In the 1930s, a mighty work­horse helped this fam­ily sur­vive.

Grandpa’s beloved work­horse helped our fam­ily sur­vive the first year on the farm.

Country - - CONTENTS - BY LILA BIRCHFIELD El­gin, Illi­nois

In the sum­mer of 1935, my grand­par­ents Fred and Emma Ross bought an 80-acre farm 5 miles west of Shel­byville, Illi­nois. My fa­ther, Ju­lian, was 12 years old. The land came with a two-story white clap­board house and a red barn. A di­lap­i­dated corn­crib stood to the east of the barn. The 1935-’36 win­ter was bru­tally cold in cen­tral Illi­nois, but it gave way to one of the hottest sum­mers on record. By the end of May, the soil had warmed up for plant­ing so Grandpa and Dad hitched their only work­horse, Lindy, to a onebot­tom plow. Af­ter ready­ing the soil, Lindy pulled the planter to fin­ish the job of sow­ing corn. While work­horses were not pets, Dad loved Lindy. That sum­mer, Grandpa be­gan fix­ing up the old corn­crib. The build­ing had shifted a bit off its rock foun­da­tion and was miss­ing many wooden slats. Grandpa was fru­gal, so he and Dad dug rocks out of the fields, and un­der Lindy’s horse­power hauled them to the build­ing to re­in­force the stone foun­da­tion. Dad said that as they filled in the holes, they no­ticed bits of iron and other metal ob­jects un­der the corn­crib. Har­vest­time ar­rived af­ter a long, hot, dry sum­mer. Grandpa and Dad took the corn out of the field by hand. Grandpa wore a shuck­ing peg on his hand to cut each ear of corn from the stalk. Dad sim­ply wore gloves and broke off the ears. In an al­most syn­chro­nized move­ment, fa­ther and son cut the corn with their right hands and tossed the ears into the wagon with their left hands. The small ears of corn hit the high side of the wagon be­fore slid­ing to the bot­tom. It didn’t take long for them to fin­ish. As Grandpa had feared, that first har­vest barely filled the bot­tom of the wagon. Grandpa and Dad drove Lindy and the wagon to the corn­crib. While they may have felt blue over their di­min­ished har­vest, the weather on that early fall day was spec­tac­u­lar. The sky was crys­tal clear. Dad opened the back gate of the wagon and was in the process of scoop­ing a shov­el­ful of corn into the crib when he felt the wagon lurch to one side. He was knocked off bal­ance and fell, slid­ing out of the wagon and onto a pile of corn. Grandpa hollered, “Lindy’s down!” Dad pulled him­self up and scram­bled to the front of the wagon. On the ground, ly­ing on her side, was his beloved horse. She was dead. Grandpa called the vet­eri­nar­ian to check her out be­cause Lindy had never shown any signs of ill­ness. The vet sug­gested that light­ning could have caused her death. Dad hadn’t heard any thun­der­claps nor seen any light­ning flashes, but light­ning can travel miles from a thun­der­storm. Maybe all that the iron un­der the build­ing at­tracted the bolt that struck Lindy. Un­til the corn­crib was torn down in 1956, my fam­ily wit­nessed sev­eral more light­ning strikes around it.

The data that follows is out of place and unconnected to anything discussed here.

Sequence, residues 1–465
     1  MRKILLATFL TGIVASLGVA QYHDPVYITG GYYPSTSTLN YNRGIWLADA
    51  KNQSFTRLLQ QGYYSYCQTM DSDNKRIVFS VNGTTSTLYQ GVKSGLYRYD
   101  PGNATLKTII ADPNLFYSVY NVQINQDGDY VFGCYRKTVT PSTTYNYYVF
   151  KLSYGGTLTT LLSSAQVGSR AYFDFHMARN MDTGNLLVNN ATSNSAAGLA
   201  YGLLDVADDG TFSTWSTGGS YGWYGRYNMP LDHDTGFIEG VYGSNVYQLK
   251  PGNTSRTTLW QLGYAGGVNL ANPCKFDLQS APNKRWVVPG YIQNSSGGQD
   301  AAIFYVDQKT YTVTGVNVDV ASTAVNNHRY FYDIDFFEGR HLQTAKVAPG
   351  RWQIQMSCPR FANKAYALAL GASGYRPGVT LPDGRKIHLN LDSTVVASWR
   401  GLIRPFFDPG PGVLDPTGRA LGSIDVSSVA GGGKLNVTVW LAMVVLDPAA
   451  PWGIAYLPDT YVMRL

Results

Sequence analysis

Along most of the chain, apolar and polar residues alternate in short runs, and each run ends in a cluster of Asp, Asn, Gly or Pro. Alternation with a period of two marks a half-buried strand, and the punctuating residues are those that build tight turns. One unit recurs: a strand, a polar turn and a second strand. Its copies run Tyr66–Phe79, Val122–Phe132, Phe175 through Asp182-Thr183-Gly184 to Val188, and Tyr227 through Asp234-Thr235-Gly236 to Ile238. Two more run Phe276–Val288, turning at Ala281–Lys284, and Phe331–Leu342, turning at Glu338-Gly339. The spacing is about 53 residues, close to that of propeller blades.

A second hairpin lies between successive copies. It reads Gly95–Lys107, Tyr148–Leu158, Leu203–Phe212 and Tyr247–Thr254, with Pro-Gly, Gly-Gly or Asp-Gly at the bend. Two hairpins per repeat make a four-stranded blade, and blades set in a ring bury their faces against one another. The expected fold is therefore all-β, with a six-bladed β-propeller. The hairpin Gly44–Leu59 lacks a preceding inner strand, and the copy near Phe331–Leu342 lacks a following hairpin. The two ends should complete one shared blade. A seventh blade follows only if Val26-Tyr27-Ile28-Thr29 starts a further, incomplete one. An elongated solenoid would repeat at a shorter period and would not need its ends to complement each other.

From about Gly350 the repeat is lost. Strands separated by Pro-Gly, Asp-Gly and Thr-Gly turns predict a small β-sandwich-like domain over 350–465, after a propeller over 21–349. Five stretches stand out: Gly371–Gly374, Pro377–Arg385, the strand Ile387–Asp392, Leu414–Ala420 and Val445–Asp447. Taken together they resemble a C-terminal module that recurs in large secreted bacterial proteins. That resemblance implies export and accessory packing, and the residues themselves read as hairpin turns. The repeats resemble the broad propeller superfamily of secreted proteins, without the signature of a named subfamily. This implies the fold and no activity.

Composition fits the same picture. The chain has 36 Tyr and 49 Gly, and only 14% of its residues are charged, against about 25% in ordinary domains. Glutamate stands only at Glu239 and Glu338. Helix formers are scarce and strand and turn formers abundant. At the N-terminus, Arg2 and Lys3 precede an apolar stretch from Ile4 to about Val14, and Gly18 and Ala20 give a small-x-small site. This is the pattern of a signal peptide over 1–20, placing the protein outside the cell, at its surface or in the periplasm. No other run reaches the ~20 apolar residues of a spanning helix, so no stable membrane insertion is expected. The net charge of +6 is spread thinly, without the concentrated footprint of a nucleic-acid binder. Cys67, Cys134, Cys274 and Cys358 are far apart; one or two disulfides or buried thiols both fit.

Lila’s dad (Ju­lian, left, with sib­lings Richard and Eloise) adored Lindy, the farm’s work­horse.

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